Making the decision to redesign your website and hire someone to help you with the process isn’t easy. Whether you’re going to be changing your WordPress theme or customising it chances are you won’t be able to do it all yourself. There are a lot of platforms online where you can easily find a web designer or developer to help you with the process. However, with so many to choose from it’s not always easy to make the right decision. Here are 12 things to look out for when picking a web designer.
12 Things to look out for when picking a web designer
1. Portfolio and past work
Every website is different and you’ll want to make sure that the web designer you’re hiring has enough experience in your blogging niche. Make sure their portfolio includes websites that look similar to what you’re interested in so you know what the final product might look like. If you don’t like the style of the websites in the portfolio chances are you might not be very happy with the end result for your own project. Keep an eye out for small mistakes and errors to get an idea of how thoroughly the designer or developer works. Some portfolios might not include all projects so definitely ask them for more completed work if possible. Also try to get your hands on some actual links and not screenshots so you can test the usability, speed and general capabilities of the site.
2. Reviews and testimonials
Reviews and testimonials are the best way to verify whether the quality of work provided is what you’re looking for. It’s always a good idea to choose to work with someone who has a lot of reviews. Try to scroll through and find some for projects that sound similar to yours to find out more about the service that will be provided. Of course, there will always be the danger of false reviews so try to avoid accounts that gained a lot of reviews in a very short timeframe. You should choose someone who has been on the platform for at least 2 or ideally more years and in that time has completed several hundred projects. Keep in mind that developers with very few reviews will be very eager to build their portfolio so their prices will most likely be much lower to attract clients. While this is tempting it’s also risky so consider whether you want to get your project done without having to worry and are willing to pay a bit more for this security or whether your budget is very tight and you’d be ready to take a risk.
When you first start chatting with different developers and web designers you’ll notice that the time frame they suggest for redesigning a website will be vastly different. For me own site I was quoted anywhere from 2 weeks to 6 months. The thing is a project like this will take time and someone who promises to get it done in only a few weeks is most likely just trying to get your attention. Of course you can change a WordPress theme and customise it in a week or less but that only applies if a team works on it 24/7 and more importantly if you’ve got an exact plan of what it should look like ready to go. The design process will be what takes forever and then additional time to fix bugs and make small adjustments. Don’t let the time frame suggested by different designers fool you. They will most likely all take longer than promised so you might as well select one that is a bit more realistic instead of someone who will overpromise and underdeliver.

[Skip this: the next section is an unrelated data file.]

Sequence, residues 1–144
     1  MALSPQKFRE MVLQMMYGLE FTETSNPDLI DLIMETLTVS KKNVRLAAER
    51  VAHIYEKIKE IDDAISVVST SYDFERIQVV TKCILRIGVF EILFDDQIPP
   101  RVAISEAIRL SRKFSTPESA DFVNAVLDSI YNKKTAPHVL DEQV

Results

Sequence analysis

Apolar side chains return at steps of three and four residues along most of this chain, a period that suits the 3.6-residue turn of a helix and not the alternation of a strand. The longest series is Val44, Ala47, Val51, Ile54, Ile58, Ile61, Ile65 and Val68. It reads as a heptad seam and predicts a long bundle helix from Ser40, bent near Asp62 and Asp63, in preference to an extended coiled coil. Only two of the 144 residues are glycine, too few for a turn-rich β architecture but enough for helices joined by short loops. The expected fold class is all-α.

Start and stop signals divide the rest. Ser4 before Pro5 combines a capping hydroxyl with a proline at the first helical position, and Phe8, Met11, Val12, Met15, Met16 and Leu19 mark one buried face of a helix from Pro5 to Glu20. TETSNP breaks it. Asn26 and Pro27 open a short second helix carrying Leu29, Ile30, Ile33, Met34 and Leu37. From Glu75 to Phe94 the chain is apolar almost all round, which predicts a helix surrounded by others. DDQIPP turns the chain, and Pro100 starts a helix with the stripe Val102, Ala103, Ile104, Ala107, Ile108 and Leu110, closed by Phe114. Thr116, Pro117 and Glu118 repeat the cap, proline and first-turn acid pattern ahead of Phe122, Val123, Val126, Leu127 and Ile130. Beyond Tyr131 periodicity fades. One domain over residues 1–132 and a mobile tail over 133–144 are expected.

4. Additional services (maintenance)
A website is a living, breathing thing. You can’t build it once and be done with it. A lot of web development companies will offer maintenance on sites they build either for free for a certain period of time or for a fee for as long as needed. The policies vary greatly so definitely ask the developer you’ll be working with before you get started. In general, the larger the company the more common free maintenance will be while freelance developers tend to have a lot more on their hands so their additional services are likely to be more limited. Of course, this is just a generalisation and will differ depending on the project.
You’ll want your website to be absolutely perfect so free revisions are an absolute must-have. Steer clear of developers who charge for revisions; this is not the norm. You’ll want someone who will make your site absolutely
6. Field of expertise
8. Whether they’re freelancer or part of a team
9. Whether they operate through a platform
platform like Upwork or Fiverr which will significantly lower your risk. Avoid using someone who sent you an email or contacted you in some other way as you’ll have fewer ways to ensure you’ll be getting what you pay for. When you post an ad on Upwork you’ll usually get a lot of direct emails of companies who saw your ad and want to avoid the heavy fees that Upwork charges. While it can be tempting to save money I would strongly recommend to avoid paying someone directly even if their portfolio looks good. There are a lot of scams out there and if you’re unhappy with the work provided you won’t have any opportunity to get your money back if you hired someone privately.